"Unless I am convinced by proofs from Scriptures or by plain and clear reasons and arguments, I cannot and will not retract, for it is neither safe nor wise to do anything against conscience. Here I stand. I can do no other. God help me. Amen."

In 2001, I published a book through Trafford Publishing entitled: What the Bible "REALLY" says about... SEX: A New Look at Sexual Ethics from a Biblical Perspective. Here are a few of the key points:

Marriage, as we know it, was instituted after the Fall as a result of the Fall.

There are two kinds of sex: responsible sex and irresponsible sex. Sex outside of marriage can be and usually is irresponsible... but not necessarily.

I believe that alternative lifestyles, such as swinging and polyamory, are neither moral nor immoral; they are amoral. I believe they can be practiced responsibly and therefore, they are not sinful per se. I also believe that there is sex in Heaven. In fact, I believe there is polyamorous sex in Heaven.

These ideas have been met with great resistance in the Christian community. I still believe much, if not most, of what I believed back in 2001. Like Luther, I confess that some of my writings in the past contained a "harsh, in your face, I know I'm right and anybody who disagrees with me is a total moron" tone. Like Luther, I apologize to anyone who may have been offended by my writings. I'm trying to improve by being more respectful of those who disagree with me. I'm trying to be more diplomatic. Nevertheless, like Luther, I cannot reject the majority of my writings. Like Luther, I respectfully but boldly declare:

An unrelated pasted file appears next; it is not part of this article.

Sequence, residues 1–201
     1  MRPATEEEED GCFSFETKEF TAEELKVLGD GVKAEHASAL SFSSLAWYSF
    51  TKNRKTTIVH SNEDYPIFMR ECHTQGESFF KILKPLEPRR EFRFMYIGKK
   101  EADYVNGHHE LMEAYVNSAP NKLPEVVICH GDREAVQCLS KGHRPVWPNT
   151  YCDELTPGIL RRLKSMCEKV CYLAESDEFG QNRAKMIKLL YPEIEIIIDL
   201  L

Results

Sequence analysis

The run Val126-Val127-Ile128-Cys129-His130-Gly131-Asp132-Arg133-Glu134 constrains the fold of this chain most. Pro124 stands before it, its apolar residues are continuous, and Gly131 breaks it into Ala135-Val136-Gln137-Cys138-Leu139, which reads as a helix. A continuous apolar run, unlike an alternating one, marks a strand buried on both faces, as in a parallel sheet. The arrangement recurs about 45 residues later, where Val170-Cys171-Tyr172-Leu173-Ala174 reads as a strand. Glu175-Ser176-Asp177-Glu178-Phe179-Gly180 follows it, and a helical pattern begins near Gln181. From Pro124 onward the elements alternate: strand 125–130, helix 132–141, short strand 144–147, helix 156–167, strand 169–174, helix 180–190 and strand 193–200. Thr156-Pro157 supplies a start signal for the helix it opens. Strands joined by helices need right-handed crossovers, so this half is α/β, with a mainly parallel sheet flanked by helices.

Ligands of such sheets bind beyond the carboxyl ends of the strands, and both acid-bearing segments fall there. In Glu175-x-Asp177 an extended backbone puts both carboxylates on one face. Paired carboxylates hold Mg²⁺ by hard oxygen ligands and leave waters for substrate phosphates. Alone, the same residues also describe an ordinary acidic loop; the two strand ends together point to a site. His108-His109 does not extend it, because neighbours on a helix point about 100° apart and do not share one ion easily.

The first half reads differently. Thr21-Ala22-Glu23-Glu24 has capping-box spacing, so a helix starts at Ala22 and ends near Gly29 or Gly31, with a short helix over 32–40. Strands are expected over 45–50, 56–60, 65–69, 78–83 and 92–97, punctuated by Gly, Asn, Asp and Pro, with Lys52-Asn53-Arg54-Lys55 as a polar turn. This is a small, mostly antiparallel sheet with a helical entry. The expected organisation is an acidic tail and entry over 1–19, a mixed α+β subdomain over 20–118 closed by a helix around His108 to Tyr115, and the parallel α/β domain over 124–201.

"Unless I am convinced by proofs from Scriptures or by plain and clear reasons and arguments, I cannot and will not retract, for it is neither safe nor wise to do anything against conscience. Here I stand. I can do no other. God help me. Amen."

I am constantly refining my beliefs and subjecting them to rigid scrutiny. Again, I make no claims to infallibility. I'm simply a sinner saved by grace seeking answers to questions that most Christians are afraid to ask and unwilling to grapple with. If that is a sin, then I am guilty as charged. Ultimately, I believe the Bible is the final court of arbitration for all Christians. For this reason, ChristiansTalkingAboutSex.com is a Christian site dedicated to seeking the truth regarding sexual ethics.

I Respect Those Who Disagree With Me

Also, it should be noted that sometimes I will quote a theologian to support my opinions and sometimes I will quote the same theologian in order to refute his position. Sometimes I will quote the same theologian to show points of agreement, as well as points of disagreement. I mean no disrespect, either to theologians of the past or theologians of the present. As an example, I have enormous respect for the following modern theologians: R.C. Sproul, John MacArthur, Hank Hanegraaff, Randy Alcorn, and Billy Graham. I have learned a great deal from these men and I owe them an enormous debt of gratitude. Usually I agree with them. But sometimes I don't, and I'm not afraid to say so. I doubt if there is anyone on planet earth that I agree with on everything. Nevertheless, I believe the issues I'll be tackling are important. Hopefully, you feel the same way.